Audi’s ‘need for speed’ ad banned for linking speed with excitement

Ad regulator ASA says the ad breaks social responsibility rules and Audi must not link “power acceleration or handling” with excitement.

Audi has come under fire for an ad that the Advertising Standards Authority says “links speed with excitement”, and breaks social responsibility rules.

The complaint focuses on an Audi R8 ad seen on 15 April 2016. The ad shows a car coming to a stop after being driven at speed. The car is heard accelerating through the gears while the passing lights of the road are shown in the reflection of the actor’s eye, with his pupils “contracting and dilating”.

The ASA is not convinced that the ad demonstrates road safety and believe it focuses too much on speed.

“The impression given was not one of road safety in general but that the R8 was equipped with brakes sufficient to handle the power and speed previously demonstrated.”

Advertising Standards Authority

Audi disagreed with the complainants’ belief that the ad linked speed with excitement or that it was irresponsible. It said that the ad was “carefully shot” and that the cars were travelling at less than 30mph. It also said that the company had edited shots to avoid giving the impression of speed.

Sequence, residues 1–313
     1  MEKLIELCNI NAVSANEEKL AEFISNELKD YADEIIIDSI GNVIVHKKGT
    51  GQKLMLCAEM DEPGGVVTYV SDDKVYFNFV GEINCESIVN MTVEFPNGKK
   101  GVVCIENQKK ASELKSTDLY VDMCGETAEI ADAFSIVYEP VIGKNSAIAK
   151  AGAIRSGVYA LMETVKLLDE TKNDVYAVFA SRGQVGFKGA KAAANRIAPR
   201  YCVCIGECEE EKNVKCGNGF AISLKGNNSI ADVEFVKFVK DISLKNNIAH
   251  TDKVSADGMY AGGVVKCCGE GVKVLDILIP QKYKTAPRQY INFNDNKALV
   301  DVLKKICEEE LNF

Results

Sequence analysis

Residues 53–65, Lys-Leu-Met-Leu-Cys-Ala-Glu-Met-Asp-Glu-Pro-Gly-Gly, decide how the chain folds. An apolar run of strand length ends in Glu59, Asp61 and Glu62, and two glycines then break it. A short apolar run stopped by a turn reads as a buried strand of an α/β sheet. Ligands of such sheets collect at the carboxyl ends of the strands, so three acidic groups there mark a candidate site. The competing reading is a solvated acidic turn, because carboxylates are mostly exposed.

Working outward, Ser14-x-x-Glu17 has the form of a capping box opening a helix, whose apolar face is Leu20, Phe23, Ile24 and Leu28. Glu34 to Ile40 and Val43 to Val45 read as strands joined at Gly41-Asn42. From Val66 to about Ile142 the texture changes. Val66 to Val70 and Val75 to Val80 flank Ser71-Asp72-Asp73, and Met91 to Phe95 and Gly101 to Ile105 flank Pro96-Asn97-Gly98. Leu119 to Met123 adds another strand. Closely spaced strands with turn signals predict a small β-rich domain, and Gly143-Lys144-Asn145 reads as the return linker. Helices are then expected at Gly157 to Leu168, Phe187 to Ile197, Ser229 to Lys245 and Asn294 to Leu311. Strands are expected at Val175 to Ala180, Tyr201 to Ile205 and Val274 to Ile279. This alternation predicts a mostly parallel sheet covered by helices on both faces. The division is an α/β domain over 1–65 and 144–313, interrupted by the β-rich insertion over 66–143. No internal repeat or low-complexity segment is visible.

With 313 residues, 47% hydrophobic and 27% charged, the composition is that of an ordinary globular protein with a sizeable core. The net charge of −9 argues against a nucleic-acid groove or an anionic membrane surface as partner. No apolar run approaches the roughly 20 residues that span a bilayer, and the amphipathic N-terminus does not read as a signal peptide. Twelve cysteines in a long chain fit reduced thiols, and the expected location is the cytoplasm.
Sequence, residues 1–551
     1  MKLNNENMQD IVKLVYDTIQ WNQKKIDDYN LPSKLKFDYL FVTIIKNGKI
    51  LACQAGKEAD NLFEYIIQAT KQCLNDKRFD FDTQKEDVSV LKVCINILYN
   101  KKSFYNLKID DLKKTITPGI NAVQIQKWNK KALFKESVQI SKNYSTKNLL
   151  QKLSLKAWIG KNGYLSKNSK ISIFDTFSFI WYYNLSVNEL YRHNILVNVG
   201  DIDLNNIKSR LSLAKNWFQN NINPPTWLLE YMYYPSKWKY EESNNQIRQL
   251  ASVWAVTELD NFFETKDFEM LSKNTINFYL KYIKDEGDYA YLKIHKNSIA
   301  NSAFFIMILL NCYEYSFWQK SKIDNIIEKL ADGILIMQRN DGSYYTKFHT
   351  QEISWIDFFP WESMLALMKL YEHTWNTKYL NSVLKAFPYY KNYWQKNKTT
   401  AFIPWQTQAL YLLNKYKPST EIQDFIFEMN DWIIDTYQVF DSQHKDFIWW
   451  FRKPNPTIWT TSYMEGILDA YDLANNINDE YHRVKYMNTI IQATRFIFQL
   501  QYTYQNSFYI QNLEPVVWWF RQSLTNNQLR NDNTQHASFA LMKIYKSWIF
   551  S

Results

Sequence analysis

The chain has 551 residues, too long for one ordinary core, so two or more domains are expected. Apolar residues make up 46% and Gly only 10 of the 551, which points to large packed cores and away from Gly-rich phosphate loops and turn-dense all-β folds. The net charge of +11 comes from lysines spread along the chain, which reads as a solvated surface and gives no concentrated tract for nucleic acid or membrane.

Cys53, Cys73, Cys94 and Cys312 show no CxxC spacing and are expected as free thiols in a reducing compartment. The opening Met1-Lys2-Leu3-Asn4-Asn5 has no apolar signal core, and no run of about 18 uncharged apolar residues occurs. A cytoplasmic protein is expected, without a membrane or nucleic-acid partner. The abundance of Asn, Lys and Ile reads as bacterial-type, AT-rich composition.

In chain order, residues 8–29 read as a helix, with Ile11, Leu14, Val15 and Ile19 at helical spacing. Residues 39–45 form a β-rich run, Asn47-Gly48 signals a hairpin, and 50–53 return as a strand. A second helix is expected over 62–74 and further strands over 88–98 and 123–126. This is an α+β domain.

Audi added that the engine sound was used to showcase the sound of the new engine and the quick changes of the gearbox. It also highlighted that it had replaced the sound of the engine where it would have been loudest with instrumental music.

The ASA acknowledges that the scenes in which the car was visible did not show it being driven fast, though it believes the presentation of the ad gave an implication of speed and acceleration, and therefore breaches social responsibility and motoring advertisement rules.

“We considered that, where advertisers intended to focus on engineering aspects of the car, they should still take care to ensure the overall presentation of the ad was responsible,” says the ASA.

“The ad must not appear again in the form complained about. We told Volkswagen Group UK Ltd to ensure that future ads did not demonstrate power, acceleration or handling characteristics except in a clear context of safety and without the suggestion of excitement.”

A spokesperson for Audi told Marketing week: “We respect the decision of the ASA to uphold the complaint in this instance.”

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Comments

There is one comment at the moment, we would love to hear your opinion too.

  1. Mark McArthur-Christie 12 Aug 2016

    Because no-one links speed with excitement, do they? I mean, people buy a high-performance Audi because they want to comply – like happy little limit limpets – with 20mph zones. Hello ASA. Meet Real World.

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